Kimchee and Fermentation
Each country has its own unique food item that is special and has been providing local community with rich nutrition and various flavors. Such food item in Korea is called Kimchee. It was not well-known to the world until the Olympic Games in 1988. This was the first time when numerous people were exposed to such interesting flavors of Kimchee—spicy, fermented bok choy or Chinese cabbage product. By fermentation, Koreans were able to preserve much nutritional values of the cabbage, improve and develop layers of different flavors, and significantly increases shelf life of the product. Moreover, Kimchee fermentation has been providing Koreans with rich source of vitamin C and B throughout the history. One popular misconception is that Kimchee fermentation is only for preserving bok choy. However, it is used to preserve over 100 different food items, such as onions, garlic, and radish as well as fish, clam, oysters, squid, and various other marine food sources in coastal areas.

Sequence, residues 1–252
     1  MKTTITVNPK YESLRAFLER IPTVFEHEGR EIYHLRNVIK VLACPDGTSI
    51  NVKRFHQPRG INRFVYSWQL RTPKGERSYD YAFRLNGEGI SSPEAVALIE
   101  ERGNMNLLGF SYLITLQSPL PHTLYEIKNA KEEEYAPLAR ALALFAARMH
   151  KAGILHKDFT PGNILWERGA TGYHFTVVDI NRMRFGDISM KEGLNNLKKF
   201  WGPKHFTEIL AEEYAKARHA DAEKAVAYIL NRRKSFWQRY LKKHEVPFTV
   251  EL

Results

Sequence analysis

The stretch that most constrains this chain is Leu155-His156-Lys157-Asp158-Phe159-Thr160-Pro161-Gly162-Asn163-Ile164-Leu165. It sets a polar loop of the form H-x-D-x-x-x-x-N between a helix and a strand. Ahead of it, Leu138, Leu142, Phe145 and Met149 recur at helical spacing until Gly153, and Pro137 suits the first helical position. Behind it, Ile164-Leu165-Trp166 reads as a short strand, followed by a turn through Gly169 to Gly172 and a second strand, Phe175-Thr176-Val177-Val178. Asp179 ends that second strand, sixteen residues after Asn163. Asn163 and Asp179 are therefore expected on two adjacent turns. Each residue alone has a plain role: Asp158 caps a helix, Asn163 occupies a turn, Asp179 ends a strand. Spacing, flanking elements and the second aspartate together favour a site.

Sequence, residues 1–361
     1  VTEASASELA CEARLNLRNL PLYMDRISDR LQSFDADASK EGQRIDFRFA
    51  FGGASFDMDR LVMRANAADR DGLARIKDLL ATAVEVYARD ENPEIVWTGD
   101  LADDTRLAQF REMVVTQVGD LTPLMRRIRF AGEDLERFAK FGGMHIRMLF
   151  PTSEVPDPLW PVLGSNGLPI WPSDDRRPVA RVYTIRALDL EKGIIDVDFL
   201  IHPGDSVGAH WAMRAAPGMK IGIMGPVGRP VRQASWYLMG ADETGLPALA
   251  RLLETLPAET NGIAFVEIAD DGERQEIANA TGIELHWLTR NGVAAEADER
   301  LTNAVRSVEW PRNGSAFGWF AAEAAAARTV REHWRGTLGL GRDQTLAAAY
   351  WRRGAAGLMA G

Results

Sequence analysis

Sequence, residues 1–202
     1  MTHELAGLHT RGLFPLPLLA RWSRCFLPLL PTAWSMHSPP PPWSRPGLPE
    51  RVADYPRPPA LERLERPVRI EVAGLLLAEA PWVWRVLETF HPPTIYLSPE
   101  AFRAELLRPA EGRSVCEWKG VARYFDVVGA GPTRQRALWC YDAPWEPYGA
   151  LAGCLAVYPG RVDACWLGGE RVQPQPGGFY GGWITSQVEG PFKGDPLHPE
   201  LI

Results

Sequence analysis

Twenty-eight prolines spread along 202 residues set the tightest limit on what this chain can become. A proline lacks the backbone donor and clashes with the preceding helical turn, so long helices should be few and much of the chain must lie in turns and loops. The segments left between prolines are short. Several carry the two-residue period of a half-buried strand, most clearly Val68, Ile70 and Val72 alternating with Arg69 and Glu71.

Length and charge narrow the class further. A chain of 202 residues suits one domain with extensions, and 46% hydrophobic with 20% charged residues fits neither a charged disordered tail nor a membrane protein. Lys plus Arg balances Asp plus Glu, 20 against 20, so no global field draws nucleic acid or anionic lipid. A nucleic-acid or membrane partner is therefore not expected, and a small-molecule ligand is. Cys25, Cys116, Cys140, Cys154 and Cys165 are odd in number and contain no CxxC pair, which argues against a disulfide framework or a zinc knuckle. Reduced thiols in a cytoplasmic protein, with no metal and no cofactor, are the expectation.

Fermentation process is based on a few different microorganisms, such as Weissella spp, Leuconostoc spp, and Lactobacillus spp (Lee et al., 2002 andLim et al., 1989 Leuconostoc mesenteriodes is predominating in the early stages as it provides anaerobic conditions at pH of the Kimchee is around 7.0-8.0. Following the this stage, lactobacillus spp play a major role in fermentation. Lactobacillus spp are anaerobes that produce lactic acid from simple sugars, such as mono or disaccharides. The primary means of preservation comes from low pH and salt tolerance that inhibits growth of non-halophilic microorganisms. (Shin et al., 1996). As anaerobic condition is achieved, Lactobacillus...
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...ncreases dramatically as level pH decrease from day 10 to day 20.
Lee et al., 2002 J.S. Lee, K.C. Lee, J.S. Ahn, T.I. Mheen, Y.R. Pyun and Y.H. Park, Weissella koreensis sp. nov., isolated from kimchi, Int. J. Syst. Evol. Microbiol. 52 (2002), pp. 1257–1261.
Lim et al., 1989 C.R. Lim, H.K. Park and H.U. Han, Reevalution of isolation and identification of gram-positive bacteria in kimchi, Korean J. Microbiol. 27 (1989), pp. 404–413 (in Korean).
Mheen and Kwon, 1984 T.I.
Mheen and T.W. Kwon, Effect of temperature and salt concentration on kimchi fermentation, Korean J. Food Sci. Technol. 16 (1984), pp. 443–450.
Shin et al., 1996 D.H. Shin, M.S. Kim, J.S. Han, D.K. Lim and W.S. Bak, Changes of chemical composition and microflora in commercial kimchi, Korean J. Food. Sci. Technol. 28 (1996), pp. 137–145 (in Korean).